CHAPTER 14

Jehovah as Satan
Jehovah . . . was a creature of darkness, hence an Evil God... —Louis Israel Newman, Jewish Influence on Christian Reform Movements

The Jews have figured as scapegoats many times in history. They have been hounded and massacred. This has been laid to their obstinacy in clinging to their religion and image as God's chosen people; to their rejection of Christ; to their economic superiority; and to their presumed unique psychology. But there is one peculiar motive for the extermination policy of the Nazis which has hitherto escaped attention. It suggests itself when we view the Nazis in the light of occult thinking: The mystical teachings of Guido von List, Lanz von Liebenfels, and Rudolf von Sebottendorff were modern restatements of Gnosticism. When the apocalyptic promise of Christ's resurrection was broken, the Gnostics sought to return men to God by another route, more Oriental than Hellenist. They devised a dualistic cosmology to set against the teachings of the early Christian Church, which, they claimed, were only common deceptions, unsuited for the wise. The truth was esoteric. Only the properly initiated could appreciate it. It belonged to a secret tradition which had come down through certain mystery schools. The truth was, God could never become man. There were two separate realms—one spiritual, the 140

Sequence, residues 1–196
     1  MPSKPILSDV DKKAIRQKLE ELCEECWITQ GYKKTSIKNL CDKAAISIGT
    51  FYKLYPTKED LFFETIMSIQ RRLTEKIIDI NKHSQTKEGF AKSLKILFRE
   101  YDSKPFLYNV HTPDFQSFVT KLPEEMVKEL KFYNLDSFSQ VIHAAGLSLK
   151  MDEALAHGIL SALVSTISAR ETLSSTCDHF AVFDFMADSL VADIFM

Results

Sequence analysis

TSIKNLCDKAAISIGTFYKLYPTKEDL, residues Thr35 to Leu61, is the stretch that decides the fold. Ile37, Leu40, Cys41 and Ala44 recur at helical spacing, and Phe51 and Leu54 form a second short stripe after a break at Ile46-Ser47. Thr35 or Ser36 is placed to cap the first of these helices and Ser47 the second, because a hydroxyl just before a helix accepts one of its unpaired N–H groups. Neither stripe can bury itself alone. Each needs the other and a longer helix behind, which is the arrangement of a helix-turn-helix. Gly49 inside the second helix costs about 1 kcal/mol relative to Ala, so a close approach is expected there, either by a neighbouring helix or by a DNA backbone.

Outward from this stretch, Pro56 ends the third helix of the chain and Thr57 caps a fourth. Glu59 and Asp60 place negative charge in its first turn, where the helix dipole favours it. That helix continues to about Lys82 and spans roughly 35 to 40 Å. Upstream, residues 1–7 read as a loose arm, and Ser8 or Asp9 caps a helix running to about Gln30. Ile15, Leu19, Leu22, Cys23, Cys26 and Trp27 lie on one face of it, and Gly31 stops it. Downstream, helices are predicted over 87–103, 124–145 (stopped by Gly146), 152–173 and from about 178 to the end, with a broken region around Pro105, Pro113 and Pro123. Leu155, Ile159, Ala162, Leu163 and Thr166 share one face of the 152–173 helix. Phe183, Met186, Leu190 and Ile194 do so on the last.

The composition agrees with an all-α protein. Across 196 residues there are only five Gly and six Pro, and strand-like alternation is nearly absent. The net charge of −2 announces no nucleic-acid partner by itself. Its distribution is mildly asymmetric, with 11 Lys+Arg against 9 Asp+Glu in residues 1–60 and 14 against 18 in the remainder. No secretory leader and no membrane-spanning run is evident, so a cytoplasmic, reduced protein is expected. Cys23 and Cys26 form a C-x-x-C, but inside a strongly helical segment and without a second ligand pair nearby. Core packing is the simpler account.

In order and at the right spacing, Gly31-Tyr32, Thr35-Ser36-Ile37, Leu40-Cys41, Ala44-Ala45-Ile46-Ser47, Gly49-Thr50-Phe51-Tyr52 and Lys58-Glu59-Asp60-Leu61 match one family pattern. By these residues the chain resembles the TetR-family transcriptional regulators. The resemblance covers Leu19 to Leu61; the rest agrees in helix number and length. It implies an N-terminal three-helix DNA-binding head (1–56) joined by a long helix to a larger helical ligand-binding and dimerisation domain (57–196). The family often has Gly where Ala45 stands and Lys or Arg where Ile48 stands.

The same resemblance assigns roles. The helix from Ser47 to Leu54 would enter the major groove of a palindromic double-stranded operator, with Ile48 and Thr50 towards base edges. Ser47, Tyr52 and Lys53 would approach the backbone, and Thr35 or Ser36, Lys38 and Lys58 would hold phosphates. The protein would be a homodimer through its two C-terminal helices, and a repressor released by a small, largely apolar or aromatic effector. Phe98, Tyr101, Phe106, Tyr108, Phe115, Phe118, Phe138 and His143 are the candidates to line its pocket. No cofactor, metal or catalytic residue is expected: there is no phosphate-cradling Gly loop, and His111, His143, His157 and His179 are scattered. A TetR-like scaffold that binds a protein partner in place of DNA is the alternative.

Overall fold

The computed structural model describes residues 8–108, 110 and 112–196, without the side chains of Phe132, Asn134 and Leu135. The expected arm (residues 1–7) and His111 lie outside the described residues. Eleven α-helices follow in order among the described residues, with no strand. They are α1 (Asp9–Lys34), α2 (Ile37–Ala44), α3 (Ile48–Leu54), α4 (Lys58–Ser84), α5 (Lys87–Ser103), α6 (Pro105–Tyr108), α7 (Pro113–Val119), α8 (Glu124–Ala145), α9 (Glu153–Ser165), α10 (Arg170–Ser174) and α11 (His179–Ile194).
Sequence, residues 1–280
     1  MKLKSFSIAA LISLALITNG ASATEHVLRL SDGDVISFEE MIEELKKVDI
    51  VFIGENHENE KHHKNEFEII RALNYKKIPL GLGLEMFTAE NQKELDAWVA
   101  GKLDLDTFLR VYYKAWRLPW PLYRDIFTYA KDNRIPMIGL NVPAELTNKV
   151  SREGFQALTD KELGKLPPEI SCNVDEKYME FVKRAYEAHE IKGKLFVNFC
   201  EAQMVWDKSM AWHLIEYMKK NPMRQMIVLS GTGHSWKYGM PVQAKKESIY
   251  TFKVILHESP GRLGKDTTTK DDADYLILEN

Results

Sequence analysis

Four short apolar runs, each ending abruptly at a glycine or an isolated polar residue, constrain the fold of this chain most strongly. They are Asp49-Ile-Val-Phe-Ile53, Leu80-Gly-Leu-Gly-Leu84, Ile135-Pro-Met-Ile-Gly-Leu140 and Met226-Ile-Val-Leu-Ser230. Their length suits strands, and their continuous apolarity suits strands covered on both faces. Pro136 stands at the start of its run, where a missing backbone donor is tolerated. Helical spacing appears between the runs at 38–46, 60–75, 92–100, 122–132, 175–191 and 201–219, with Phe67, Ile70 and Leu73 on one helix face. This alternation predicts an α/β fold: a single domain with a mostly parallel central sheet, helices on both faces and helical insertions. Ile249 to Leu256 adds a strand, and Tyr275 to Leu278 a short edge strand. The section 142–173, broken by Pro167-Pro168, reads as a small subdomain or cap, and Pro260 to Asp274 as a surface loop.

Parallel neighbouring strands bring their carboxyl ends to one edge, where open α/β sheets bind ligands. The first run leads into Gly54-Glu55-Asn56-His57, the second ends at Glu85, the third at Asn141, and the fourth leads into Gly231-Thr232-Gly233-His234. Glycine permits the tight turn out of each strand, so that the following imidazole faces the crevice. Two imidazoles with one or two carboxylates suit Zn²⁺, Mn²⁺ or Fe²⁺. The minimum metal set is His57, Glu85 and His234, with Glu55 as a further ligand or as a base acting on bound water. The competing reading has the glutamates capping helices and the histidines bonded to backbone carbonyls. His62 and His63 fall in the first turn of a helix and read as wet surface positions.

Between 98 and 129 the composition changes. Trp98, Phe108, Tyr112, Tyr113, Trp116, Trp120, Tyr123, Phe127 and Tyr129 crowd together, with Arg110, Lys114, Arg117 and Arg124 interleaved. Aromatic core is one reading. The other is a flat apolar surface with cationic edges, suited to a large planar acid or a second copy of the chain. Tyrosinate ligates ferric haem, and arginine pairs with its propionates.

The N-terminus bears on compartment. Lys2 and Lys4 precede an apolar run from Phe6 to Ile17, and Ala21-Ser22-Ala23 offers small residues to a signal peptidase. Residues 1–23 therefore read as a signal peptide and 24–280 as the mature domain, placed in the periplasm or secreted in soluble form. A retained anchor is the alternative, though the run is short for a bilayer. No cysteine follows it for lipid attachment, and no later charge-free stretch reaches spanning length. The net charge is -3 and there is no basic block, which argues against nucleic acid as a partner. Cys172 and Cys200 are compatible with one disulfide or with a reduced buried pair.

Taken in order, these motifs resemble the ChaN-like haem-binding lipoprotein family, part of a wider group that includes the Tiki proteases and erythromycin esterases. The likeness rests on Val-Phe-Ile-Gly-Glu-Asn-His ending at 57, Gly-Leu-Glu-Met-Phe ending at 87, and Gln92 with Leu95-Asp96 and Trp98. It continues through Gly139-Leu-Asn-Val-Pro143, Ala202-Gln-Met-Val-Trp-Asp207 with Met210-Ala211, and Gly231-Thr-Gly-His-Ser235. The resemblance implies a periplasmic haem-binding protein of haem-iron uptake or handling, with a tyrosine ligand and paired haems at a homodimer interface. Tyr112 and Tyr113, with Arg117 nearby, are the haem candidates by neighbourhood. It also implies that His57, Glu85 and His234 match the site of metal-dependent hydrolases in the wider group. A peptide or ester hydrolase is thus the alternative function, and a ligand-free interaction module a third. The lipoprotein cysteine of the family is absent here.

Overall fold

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other material. The spiritual realm, created by God, was all good; the material realm, created by the demiurge, all evil. Man needed to be saved, not from Original Sin, but from enslavement to matter. For this, he had to learn the mystical arts. Thus Gnosticism became a source for the occult tradition. A famous medieval Gnostic sect, the Cathars, came to identify the Old Testament god, Jehovah, with the demiurge, the creator of the material world and therefore the equivalent of Satan. Within Gnosticism, then, existed the idea that the Jewish god was really the devil, responsible for all the evil in the world. He was opposed to the New Testament God. The Cathars tried to eliminate the Old Testament from Church theology and condemned Judaism as a work of Satan's, whose aim was to tempt men away from the spirit. Jehovah, they said, was the god of an earth »waste and void,« with darkness »upon the face of the deep.« Was he not cruel and capricious? They quoted Scripture to prove it. After promising that the Tower of Babel would be built, he dispersed the builders. He rained down a deluge; ravaged Sodom and Gomorrah; circumcised his male people; encouraged animal sacrifice; insisted on strict observance of a day of rest; made two sexes, to battle each other; issued an edict to Adam which was transgressed out of ignorance or imperfection, then cursed his sinful creation. The New Testament God, on the other hand, was light. He declared that »there is neither male nor female,« for everyone was united in Christ. He blessed his creation, which was good and perfect and without sin. These two gods, obviously, had nothing in common. The synagogue was regarded as profane by Christians. The Cathars— themselves considered heretical by the Church—castigated Catholics for refusing to purge themselves of Jewish sources; Church members often blamed the Christian heresy on Jewish mysticism, which was considered an inspiration for Gnostic sorcery. But Gnostic cosmology, though officially branded »false,« pervaded the thinking of the Church. The Jews were widely thought to be magicians. It was believed that they could cause rain, and when there was a drought, they were encouraged to do so. Despite the displeasure of the Roman Popes, Christians, when they were in straitened circumstances, practiced Jewish customs, even frequenting synagogues. To the medieval mind, sorcery had an everyday reality, and the sorcerer was living proof of Satan's power. The Jew, with his strange customs, was suspected of practicing black magic in his most innocent rituals.